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Eigenvectors with at least one positive component

  1. Oct 17, 2012 #1
    I am wondering if there is a systematic way to fix the phase of complex eigenvectors. For example [tex]e^{i \theta}(1,\omega,\omega^2)[/tex] where [itex]e^{i \theta}[/itex] is an arbitrary phase and [itex]\omega[/itex] and [itex]\omega^2[/itex] are the cube roots of unity, is an eigenvector of the cyclic matrix [tex]\left(\begin{matrix}0& 1&0\\0&0&1\\1&0&0\end{matrix}\right).[/tex] But I feel that [itex](1,\omega,\omega^2)[/itex] and equivalently [itex](\omega,\omega^2,1)[/itex] and [itex](\omega^2,1,\omega)[/itex] are somehow special because one of the components is real and positive. Is there some special name for such a choice of phase? Any reference will be greatly appreciated.
     
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  3. Oct 18, 2012 #2

    Erland

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    Re: Eigenvectors with atleast one positive component

    I am not sure what you really want, but any eigenvector has at least one nonzero component, call it a. Dividing the vector with a gives an eigenvector such that (at least) one of its components is 1, which is real and positive.
     
  4. Oct 18, 2012 #3

    AlephZero

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    The phase of an eigenvector is arbitrary, whether it is real or complex.

    If you are finding the solution to some problem as a linear combination of eigenvectors ##\sum_i a_i \phi_i##, you could say that each "component' ##a_k \phi_k## has a definite phase (and magnitude) because the numerical value of ##a_k## depends on the arbitrary choice for the phase of the corresponding ##\phi_k##.

    In some practical situations you might choose to fix the amplitude and phase of an eigenvector in an arbitrary way (e.g. by making the biggest component of the vector = +1) but doing that doesn't have much mathematical significance.
     
  5. Oct 19, 2012 #4
    Thanks guys for the reply. I am aware of the things you pointed out. As Erland said I should have been more specific on what I want. I am studying the representations of discrete groups for application in physics. Eigenvectors of group elements are significant in this context (for example the matrix that I wrote in the earlier post represents a rotation by 2pi/3 about the axis (1,1,1) and the axis (1,1,1) is an eigenvector). The problem of phase arises when I starts looking at complex eigenvectors for example [itex](1, \omega,\omega^2) [/itex]. All I am saying is that a phase convention with one of the components real and positive is "appealing" to me (especially in the physics context) and so I want to know if such a choice is somehow special for a mathematian.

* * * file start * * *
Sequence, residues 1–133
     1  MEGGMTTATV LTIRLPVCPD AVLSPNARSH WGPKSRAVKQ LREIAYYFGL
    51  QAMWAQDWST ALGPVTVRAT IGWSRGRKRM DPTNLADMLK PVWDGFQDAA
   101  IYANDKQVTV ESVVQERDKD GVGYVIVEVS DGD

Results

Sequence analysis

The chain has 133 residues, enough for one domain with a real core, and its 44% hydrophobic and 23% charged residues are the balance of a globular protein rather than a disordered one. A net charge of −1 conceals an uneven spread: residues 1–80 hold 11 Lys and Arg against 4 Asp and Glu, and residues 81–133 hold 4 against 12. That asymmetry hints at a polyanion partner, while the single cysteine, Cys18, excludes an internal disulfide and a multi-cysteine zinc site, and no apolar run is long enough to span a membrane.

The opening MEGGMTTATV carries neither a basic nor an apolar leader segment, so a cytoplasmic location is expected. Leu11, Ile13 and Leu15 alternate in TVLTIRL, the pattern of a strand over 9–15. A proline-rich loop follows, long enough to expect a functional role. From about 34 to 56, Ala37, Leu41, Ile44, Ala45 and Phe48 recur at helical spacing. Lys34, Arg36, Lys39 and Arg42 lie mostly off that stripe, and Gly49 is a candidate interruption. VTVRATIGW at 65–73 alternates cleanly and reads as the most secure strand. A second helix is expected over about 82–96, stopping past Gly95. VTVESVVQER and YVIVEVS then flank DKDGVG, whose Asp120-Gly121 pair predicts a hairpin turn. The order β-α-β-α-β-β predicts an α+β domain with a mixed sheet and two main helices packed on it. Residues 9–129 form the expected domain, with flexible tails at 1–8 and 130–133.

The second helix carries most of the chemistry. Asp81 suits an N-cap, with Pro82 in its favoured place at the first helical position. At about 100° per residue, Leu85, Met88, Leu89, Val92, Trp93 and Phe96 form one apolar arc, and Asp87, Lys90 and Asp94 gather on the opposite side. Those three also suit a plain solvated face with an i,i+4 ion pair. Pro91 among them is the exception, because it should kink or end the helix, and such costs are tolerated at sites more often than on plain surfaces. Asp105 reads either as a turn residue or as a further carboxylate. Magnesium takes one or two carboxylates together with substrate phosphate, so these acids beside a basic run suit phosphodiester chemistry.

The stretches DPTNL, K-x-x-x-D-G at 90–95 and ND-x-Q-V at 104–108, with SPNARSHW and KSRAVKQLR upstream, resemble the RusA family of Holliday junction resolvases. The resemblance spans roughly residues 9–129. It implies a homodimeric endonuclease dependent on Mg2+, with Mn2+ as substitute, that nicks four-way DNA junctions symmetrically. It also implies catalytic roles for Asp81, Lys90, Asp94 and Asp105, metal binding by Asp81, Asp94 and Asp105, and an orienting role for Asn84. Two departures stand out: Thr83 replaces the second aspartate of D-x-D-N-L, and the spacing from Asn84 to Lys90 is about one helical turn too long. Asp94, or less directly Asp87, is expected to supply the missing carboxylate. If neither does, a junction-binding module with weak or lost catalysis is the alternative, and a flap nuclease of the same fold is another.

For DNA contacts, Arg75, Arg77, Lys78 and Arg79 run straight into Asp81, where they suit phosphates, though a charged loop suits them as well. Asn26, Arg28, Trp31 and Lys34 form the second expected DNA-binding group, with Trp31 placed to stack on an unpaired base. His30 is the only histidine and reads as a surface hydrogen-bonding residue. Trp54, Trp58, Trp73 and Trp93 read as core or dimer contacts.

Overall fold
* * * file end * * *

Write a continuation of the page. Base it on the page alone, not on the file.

6. Oct 19, 2012 #5
    Ohh, I now notice something. Since my representation matrices are unitary, their eigenvalues are always in the form [itex]e^{i \theta}[/itex]. For the matrix that I wrote in the first post, the eigenvalue (corresponding to the eigenvector [itex](1,\omega, \omega^2)[/itex]) is [itex]e^{i 2\pi/3}[/itex]. So basically the "appealing" phase convention has all its components having phases just a multiple of the eigenvalue.

    So let me make a hypothesis. Please let me know it is true.

    Let [itex]e^{i \theta}[/itex] be an eigenvalue for a special unitary matrix, [itex]U[/itex]. We will always be able to choose a phase convention for the corresponding eigenvector so that all its components have a phase [itex]e^{i n \theta}[/itex] where n is an integer.
     
  7. Oct 19, 2012 #6
    Ok, I was wrong, I tried with random unitary matrices and it didn' t work. So let me modify my hypothesis.

    Let [itex] U[/itex] be a discrete unitary matrix, with [itex] U^n = I[/itex], where n is an integer. Its eigenvalues will be of the form [itex] e^{i m\frac {2\pi} {n}}[/itex] where [itex] m[/itex] is an integer. There exists a basis and a phase convention in which all the components of the eigenvectors are of the form [itex] | a_x | e^{i k_x\frac {2\pi}{n}}[/itex] where [itex] k_x[/itex] are integers.

    Please let me know if the above statement is true. Thanks very much!
     
    Last edited: Oct 19, 2012
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